Reaching truth by getting details

Library event draws enthusiasts in African-American family history

The Sixth Annual African-American Family History research series was held at the Church's Family History Library on Feb. 9 in cooperation with the Utah chapter of the Afro-American Historical and Genealogical Society.

As part of an ongoing series, the library held numerous classes from beginning African-American research to doing research in areas where records were burned during the American Civil War.

The Rev. Khadijah Matin, national president of AAHGS, spoke to a standing-room only audience explaining the reasons why this type of genealogy work is so important.

"We have to do this work so that there is a (correct) telling of the story," said the Rev. Matin, speaking of African-Americans and their role in U.S. history.

She said because the details of their history were not well recorded, African-Americans are under-represented in history books and "we can only reach that truth if we go back and get the details."

She explained not all blacks in the 1800s were slaves but many in the western frontiers held prominent positions in local government. Throughout the U.S. there were black doctors, journalists, mayors, lawmen, teachers, financiers, etc.

She spoke of Thomas Day, a free black craftsman who played a central role in North Carolina history but whose reputation, until someone did their genealogical research, would not have survived outside of the tiny hamlet of Milton, N.C. Now his home and workshop have been reconstructed and his Union Tavern is now a National Historic Landmark. Thomas Day and his workers, white and black, free and slaves, are now all part of school curriculum.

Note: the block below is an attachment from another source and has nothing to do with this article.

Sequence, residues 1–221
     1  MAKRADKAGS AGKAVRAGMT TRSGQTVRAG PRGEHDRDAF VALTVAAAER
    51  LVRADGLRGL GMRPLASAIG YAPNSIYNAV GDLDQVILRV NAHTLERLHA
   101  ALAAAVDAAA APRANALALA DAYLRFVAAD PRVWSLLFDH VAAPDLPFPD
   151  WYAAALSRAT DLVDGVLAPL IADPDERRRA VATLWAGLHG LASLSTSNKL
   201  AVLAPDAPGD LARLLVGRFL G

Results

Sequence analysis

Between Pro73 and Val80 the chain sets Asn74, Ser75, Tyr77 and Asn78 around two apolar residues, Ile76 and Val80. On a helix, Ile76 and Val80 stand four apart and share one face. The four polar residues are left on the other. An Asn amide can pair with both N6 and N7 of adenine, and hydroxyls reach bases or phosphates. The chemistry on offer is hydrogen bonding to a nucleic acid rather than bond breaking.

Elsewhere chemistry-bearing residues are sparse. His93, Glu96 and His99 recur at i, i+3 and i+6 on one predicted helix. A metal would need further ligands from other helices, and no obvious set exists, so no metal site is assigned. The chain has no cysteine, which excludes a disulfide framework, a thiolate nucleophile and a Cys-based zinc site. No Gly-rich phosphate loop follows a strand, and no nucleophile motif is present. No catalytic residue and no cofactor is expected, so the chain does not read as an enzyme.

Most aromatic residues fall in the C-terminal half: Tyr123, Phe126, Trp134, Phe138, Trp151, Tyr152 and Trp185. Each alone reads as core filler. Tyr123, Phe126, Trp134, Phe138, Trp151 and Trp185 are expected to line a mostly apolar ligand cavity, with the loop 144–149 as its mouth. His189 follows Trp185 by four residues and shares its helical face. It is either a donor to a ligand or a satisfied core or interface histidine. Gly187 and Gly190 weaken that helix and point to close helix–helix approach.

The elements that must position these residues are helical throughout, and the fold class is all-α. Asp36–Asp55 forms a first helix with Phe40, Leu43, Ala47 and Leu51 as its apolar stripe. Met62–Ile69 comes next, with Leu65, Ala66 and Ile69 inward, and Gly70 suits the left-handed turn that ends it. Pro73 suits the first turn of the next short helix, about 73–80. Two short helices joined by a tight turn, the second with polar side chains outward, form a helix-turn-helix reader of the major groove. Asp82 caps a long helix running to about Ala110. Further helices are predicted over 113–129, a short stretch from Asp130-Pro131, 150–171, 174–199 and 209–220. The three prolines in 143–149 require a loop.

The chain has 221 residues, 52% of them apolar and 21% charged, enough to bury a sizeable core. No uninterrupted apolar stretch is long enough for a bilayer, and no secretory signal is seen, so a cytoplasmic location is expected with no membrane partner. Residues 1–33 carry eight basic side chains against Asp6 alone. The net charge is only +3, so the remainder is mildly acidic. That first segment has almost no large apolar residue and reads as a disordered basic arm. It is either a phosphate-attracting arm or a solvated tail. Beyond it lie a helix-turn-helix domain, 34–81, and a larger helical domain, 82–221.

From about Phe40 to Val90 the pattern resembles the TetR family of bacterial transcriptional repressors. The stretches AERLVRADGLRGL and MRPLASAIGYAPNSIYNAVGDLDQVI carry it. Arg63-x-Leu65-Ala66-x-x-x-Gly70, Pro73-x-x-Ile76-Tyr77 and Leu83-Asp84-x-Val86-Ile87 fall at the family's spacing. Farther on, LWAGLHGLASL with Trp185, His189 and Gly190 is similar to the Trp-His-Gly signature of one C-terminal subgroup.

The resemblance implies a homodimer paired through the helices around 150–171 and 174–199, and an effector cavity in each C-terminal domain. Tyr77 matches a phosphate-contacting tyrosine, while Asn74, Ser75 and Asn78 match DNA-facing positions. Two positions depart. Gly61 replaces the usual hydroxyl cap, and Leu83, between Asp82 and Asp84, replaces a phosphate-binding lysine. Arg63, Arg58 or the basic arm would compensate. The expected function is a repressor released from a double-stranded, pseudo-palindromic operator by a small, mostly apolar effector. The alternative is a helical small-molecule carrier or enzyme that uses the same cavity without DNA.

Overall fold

"When you can see where they were," she said, "you then fully understand your potential. We do this work so we can see the realm of what's possible," she said.

"When we do our (family history), the deeds, the county orders, the land records demonstrate an active role in U.S. history. We were not passive men and women. ... We were actively participating in various ways in the development and growth of this country."

The Rev. Matin encouraged her audience not to allow family history to become a job of simply finding names and dates but to get to know the people, their struggles, their accomplishments and realize "it's about the soul of another human being that walked before you."

For more information about resources available for African-American research, including online presentations from the 2006 AAHGS Conference, visit and click on African American Resources.

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